It goes without saying that any team who loses their starting goalie is prone to ultimate devastation. It’s not uncommon to see a subtle, yet noticeable decline in a team’s overall performance when the one they rely on most in the blue paint is not where they should be. But there are few teams whose fate lies so delicately in the hands of their goalie as the Chicago Blackhawks.
Corey Crawford’s ambiguous disappearance towards the end of December left Chicago fans concerned for the wellbeing of one of their best players, and understandably fearful for the future of their season. The recent news that their goalie could be out for the remainder of the back half of the season did nothing for those uneasy emotions but intensify them deeply.
There is a common misconception that a team with as much talent at the forefront as the Chicago Blackhawks should be able to rally together as one for the sake of their fallen—not to mention, highest-ranking—soldier. But even while Crawford was in net, the season thusfar has showcased inconsistencies in offensive efforts and a first line of defense that is very touch-and-go in front of their net. Backup goaltenders Anton Forsberg and Jeff Glass are undoubtedly getting a feel for the weight Crawford bears between the posts. Their win against the Winnipeg Jets last week was all thanks to Glass, a 31-save contest and a close game offensively. The home team were only able to put up two goals in order to squeak out a win against their top-of-the-division opponents. When they’re not underproducing, they’re overproducing, and either way the tables turn, they struggle to find consistency in front of their goalie.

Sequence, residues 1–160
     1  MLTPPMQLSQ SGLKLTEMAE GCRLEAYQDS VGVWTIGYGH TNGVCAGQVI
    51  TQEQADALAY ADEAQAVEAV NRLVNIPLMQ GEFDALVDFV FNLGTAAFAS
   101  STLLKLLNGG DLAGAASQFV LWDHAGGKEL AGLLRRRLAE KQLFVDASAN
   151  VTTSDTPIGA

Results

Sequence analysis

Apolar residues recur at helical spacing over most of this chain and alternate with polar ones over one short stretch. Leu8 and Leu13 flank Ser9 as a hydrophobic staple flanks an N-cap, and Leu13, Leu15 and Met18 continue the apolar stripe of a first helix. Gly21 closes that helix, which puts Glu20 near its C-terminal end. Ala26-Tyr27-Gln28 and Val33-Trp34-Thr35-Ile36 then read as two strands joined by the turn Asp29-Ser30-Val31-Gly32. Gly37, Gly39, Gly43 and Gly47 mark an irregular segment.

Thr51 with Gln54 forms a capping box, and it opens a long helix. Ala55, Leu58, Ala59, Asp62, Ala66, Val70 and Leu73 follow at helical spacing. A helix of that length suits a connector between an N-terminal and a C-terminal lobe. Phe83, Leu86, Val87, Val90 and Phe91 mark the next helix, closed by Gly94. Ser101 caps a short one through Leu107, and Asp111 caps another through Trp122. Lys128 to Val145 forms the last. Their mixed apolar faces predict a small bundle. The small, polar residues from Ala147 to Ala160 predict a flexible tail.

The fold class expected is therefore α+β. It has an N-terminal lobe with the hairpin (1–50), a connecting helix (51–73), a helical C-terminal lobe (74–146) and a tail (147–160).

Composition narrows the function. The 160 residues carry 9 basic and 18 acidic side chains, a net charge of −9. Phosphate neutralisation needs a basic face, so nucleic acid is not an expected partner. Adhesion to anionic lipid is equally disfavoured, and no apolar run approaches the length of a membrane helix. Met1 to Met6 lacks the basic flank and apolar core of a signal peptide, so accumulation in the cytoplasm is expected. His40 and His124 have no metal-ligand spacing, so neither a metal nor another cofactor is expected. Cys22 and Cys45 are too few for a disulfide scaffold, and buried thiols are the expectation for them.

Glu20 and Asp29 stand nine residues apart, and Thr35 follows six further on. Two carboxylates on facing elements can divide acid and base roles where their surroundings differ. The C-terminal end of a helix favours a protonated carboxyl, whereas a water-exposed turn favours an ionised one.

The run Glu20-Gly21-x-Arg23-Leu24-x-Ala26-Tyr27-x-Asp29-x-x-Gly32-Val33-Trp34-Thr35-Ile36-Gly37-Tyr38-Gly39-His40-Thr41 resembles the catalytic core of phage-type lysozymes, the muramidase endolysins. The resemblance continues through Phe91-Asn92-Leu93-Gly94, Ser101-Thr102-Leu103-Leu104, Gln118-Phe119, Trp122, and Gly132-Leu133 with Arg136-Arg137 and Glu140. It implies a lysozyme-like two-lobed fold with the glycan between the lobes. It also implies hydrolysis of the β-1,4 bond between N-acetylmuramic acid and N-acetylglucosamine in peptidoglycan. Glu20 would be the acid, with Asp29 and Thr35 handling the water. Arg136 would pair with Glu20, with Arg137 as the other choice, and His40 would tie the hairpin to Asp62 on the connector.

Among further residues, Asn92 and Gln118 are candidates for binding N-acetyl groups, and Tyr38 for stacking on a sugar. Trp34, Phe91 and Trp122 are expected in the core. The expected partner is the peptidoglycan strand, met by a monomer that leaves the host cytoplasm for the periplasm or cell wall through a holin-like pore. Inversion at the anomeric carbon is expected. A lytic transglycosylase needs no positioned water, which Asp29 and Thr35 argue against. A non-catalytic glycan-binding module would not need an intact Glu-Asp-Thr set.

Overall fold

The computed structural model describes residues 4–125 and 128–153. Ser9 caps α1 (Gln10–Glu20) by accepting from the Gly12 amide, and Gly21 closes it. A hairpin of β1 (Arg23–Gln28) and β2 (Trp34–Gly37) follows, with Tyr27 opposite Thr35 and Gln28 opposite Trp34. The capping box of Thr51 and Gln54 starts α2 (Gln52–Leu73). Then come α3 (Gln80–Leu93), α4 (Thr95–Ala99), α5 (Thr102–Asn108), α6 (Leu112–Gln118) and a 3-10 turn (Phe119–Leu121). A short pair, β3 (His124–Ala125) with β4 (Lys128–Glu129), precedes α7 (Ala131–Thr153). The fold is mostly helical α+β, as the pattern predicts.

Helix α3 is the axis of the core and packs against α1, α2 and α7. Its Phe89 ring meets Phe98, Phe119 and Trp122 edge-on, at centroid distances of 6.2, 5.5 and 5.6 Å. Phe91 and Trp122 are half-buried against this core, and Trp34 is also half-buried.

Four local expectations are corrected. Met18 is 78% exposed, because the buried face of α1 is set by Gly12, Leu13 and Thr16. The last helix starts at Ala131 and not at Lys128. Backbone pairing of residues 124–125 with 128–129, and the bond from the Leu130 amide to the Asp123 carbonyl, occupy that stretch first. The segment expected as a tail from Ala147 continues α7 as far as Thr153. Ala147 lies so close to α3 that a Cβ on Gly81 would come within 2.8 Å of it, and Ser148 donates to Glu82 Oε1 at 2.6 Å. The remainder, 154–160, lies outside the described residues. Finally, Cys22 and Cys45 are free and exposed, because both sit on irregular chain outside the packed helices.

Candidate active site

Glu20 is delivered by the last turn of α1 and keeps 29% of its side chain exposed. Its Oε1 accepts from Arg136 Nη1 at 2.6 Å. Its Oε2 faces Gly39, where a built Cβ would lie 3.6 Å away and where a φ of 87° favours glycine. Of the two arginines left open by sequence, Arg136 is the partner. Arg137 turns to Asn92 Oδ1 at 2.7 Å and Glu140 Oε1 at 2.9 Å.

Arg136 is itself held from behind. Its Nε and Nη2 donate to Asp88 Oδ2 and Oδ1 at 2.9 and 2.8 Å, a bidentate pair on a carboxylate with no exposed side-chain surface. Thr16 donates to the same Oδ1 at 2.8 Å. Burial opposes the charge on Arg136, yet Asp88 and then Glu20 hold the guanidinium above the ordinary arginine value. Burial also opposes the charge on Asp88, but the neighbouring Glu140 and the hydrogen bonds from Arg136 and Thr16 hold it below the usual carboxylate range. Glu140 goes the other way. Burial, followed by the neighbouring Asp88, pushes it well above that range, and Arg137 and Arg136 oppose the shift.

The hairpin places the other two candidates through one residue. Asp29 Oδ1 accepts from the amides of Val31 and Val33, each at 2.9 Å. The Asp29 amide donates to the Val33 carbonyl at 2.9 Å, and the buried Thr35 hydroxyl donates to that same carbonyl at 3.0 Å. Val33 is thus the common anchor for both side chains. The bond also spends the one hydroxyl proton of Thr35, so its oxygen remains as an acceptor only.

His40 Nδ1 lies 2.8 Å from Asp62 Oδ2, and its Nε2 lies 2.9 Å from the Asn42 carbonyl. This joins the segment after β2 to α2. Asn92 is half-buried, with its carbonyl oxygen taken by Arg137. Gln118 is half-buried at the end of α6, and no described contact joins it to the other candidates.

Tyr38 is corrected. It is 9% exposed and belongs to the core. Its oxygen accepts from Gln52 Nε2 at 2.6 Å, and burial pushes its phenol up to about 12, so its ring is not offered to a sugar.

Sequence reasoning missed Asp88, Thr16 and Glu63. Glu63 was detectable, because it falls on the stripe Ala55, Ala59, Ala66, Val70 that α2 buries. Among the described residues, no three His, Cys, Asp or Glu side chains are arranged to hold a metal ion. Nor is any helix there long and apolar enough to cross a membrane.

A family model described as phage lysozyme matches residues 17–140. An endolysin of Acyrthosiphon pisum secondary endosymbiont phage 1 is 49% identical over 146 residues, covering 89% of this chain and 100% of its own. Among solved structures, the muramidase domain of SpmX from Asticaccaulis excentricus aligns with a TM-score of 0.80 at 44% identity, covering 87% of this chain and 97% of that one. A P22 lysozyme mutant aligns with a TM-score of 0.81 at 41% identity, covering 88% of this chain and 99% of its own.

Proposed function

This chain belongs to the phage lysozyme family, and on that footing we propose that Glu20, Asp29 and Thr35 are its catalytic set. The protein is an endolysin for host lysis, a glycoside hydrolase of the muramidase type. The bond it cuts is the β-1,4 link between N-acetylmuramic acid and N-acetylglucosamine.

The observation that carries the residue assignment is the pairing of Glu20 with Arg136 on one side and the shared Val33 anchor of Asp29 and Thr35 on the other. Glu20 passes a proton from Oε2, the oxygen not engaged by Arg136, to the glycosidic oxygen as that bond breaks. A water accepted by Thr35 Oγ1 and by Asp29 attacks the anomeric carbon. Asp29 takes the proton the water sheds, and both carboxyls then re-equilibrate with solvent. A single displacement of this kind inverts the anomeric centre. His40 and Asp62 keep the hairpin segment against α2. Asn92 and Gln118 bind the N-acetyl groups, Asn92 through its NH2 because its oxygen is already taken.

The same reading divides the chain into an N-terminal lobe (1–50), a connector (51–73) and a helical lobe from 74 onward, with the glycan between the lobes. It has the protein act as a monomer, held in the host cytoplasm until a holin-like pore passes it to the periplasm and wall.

As if the absence of their net-minding saving grace was not enough, there’s another element that looms above their heads, one that keeps them from truly reaching their fullest potential. Since their championship title in 2015, the Blackhawks have not seen an inkling of playoff success. They desperately clawed their way to a game seven against the St. Louis Blues in 2016 before falling to their rivaled foes, and they trudged their way through a scoreless three games against the Nashville Predators before falling victim to a first-round sweep the following year. The last time they tasted postseason victory, it was drank out of a silver cup.
This team swings in extremes: when the morale is high, they’re riding it out at the very top. When morale is low, they get stuck in their ways, which only translates to repetitive mistakes and performance-hindering frustration. Currently, they’re lurking in the low, and a spark in their play is what they’ll need to get back to producing the way they can and should be.
In a year that would make a decade straight of playoff appearances, the Blackhawks could slight themselves of a postseason position, and at no fault but their own. Without a rallying mentality or a general confidence in the skills they are equipped with, Chicago will find themselves falling shorter and shorter of championship contention. The team is going to need to decide if they want success without Crawford… and if they deserve it.